Photography by Carper Creative Photography
Each year, community leaders wear their dancing shoes for the coveted winning title that is earned at the Dancing with Our Stars Gala. All this fun and friendly competition benefits the Children’s Tumor Foundation and supports the Arkansas chapter’s research and mission: to end and find a cure for neurofibromatosis, a genetic disorder that disturbs cell growth in the nervous system, causing tumors to form on nerve tissue.
Children’s Tumor Foundation also provides support for children and families affected by NF. A portion of gala proceeds is donated for grants to send Arkansas teens to the International NF Camp. We’re putting each star in the spotlight and introducing them on our blog. They will compete at the Sept. 9 gala, in addition to soliciting contributions + votes prior to the event.
Early in life, Helaine Raye Palmer Williams realized what her career path would be. She began writing as early as third grade.
In 1981, Helaine was hired by Arkansas Democrat as a city desk news assistant, writing obituaries and performing various other clerical duties. Later she became a consumer affairs reporter and author of her first newspaper column, “Action and Answers.”
In 1989, Helaine took over authorship of a weekly column, Let’s Talk. She was promoted to the position of reporter for the then-LifeStyle section.
In the years since, Helaine has written for a number of current and former special sections of what is now the Arkansas Democrat-Gazette. Her stories have appeared in the High Profile section as well as the various Style sections. In January 2021 she became the newspaper’s Sunday Style editor.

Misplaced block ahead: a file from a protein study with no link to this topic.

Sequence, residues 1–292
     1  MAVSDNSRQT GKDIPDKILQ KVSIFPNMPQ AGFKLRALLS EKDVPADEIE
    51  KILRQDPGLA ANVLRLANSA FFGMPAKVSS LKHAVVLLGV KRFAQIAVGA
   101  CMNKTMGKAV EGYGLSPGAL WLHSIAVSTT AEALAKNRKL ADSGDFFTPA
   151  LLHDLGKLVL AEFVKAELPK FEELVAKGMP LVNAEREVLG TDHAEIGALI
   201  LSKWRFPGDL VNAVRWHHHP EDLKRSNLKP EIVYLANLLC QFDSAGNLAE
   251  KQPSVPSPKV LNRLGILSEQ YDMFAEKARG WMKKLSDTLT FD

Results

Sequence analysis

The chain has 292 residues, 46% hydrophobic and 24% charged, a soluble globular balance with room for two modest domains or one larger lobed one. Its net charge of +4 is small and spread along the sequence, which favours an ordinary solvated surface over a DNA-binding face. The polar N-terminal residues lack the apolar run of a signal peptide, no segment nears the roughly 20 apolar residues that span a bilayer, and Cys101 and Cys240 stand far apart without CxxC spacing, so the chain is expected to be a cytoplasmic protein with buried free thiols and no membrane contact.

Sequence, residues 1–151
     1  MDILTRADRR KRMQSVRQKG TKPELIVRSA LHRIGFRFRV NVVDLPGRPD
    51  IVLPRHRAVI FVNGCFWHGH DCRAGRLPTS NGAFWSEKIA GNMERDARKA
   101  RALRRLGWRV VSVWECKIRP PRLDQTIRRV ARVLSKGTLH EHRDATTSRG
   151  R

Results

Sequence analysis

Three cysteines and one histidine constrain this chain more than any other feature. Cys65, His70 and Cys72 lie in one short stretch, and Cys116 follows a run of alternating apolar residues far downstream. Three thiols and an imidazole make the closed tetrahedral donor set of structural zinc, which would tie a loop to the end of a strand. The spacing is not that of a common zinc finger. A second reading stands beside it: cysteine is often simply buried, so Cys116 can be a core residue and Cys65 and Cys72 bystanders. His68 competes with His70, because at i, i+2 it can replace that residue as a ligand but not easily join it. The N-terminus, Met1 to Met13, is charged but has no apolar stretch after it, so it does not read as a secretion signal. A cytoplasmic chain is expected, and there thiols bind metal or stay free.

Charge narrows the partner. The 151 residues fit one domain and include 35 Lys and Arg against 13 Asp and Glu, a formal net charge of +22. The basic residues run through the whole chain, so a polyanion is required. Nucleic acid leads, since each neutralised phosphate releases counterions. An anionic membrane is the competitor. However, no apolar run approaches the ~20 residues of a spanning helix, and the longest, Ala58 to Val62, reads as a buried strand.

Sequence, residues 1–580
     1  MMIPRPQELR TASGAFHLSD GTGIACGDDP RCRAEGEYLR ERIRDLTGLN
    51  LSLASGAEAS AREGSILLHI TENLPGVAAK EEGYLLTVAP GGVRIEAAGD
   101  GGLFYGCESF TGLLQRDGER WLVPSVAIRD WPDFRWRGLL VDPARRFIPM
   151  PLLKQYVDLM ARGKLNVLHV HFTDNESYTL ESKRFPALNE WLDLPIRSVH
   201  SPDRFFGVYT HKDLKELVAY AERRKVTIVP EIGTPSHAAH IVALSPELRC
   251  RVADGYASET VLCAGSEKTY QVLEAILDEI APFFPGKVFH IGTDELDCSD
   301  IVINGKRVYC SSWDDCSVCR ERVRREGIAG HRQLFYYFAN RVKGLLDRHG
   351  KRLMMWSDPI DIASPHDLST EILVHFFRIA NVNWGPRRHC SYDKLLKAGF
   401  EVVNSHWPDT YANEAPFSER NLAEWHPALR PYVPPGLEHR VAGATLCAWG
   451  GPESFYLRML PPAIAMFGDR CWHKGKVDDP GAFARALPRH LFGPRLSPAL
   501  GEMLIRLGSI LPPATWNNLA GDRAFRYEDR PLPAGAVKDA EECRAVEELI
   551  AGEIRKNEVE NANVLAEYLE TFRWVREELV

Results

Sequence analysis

Helaine is the recipient of numerous awards from such organizations as the Arkansas Press Association; the Society of Professional Journalists, Arkansas Chapter; the National Association of Black Journalists; and the National Federation of Press Women. She is also a 2021 Arkansas Writers Hall of Fame inductee.
As a High Profile reporter, Helaine regularly covered the Dancing With Our Stars Gala and found herself wanting to do more for the Children’s Tumor Foundation. She became a member of the advisory board for the Arkansas Chapter. She looks forward to cutting a rug for young people with NF. “I want to see these children ultimately healed and healthy And hey, I love to dance. It was a no-brainer,” Helaine says.
In her own words…
Why did you chose to participate as a Star in the Children’s Tumor Foundation’s Dancing with Our Stars event?
I covered DWOS for some years as a reporter and photographer for the Arkansas Democrat-Gazette High Profile section. I found myself not only becoming a fan of this popular, energy-filled event itself but also, through my coverage, I began to feel I was playing a personal role in helping to support young people living with neurofibromatosis (a condition of which I had not even heard until I began covering CTF fundraisers).
I had not shared this with Lesley Oslica, Volunteer Leader for CTF Arkansas, but being a dance enthusiast, I’d sometimes envision myself competing. Obviously Lesley was envisioning the same thing … she invited me to be a judge for the 2021 event, then invited me to be one of the stars! Having fun for a phenomenal cause was a no-brainer for me.
What is something that has surprised you in preparation for the big event?
Although I envisioned myself participating in DWOS, I feared I would have trouble catching on to dancing with a partner; my actual dancing efforts before now had always been singles dancing (I partner-danced only in daydreams). Stephen — through his expert, down-to-earth instruction — has all but eliminated that fear.
What type of dance have you always wanted to learn?
I’d always wanted to tango. Now I’ll get to do just a bit of it!
What is your dance claim to fame?
Still being able to do the Running Man at my 30th high-school class reunion. (Although, that was 11 years ago.)
What is your biggest performance fear?
Forgetting what dance sequence comes next! But I figure that if I focus not on myself but what/who I’m dancing for, I’ll be OK.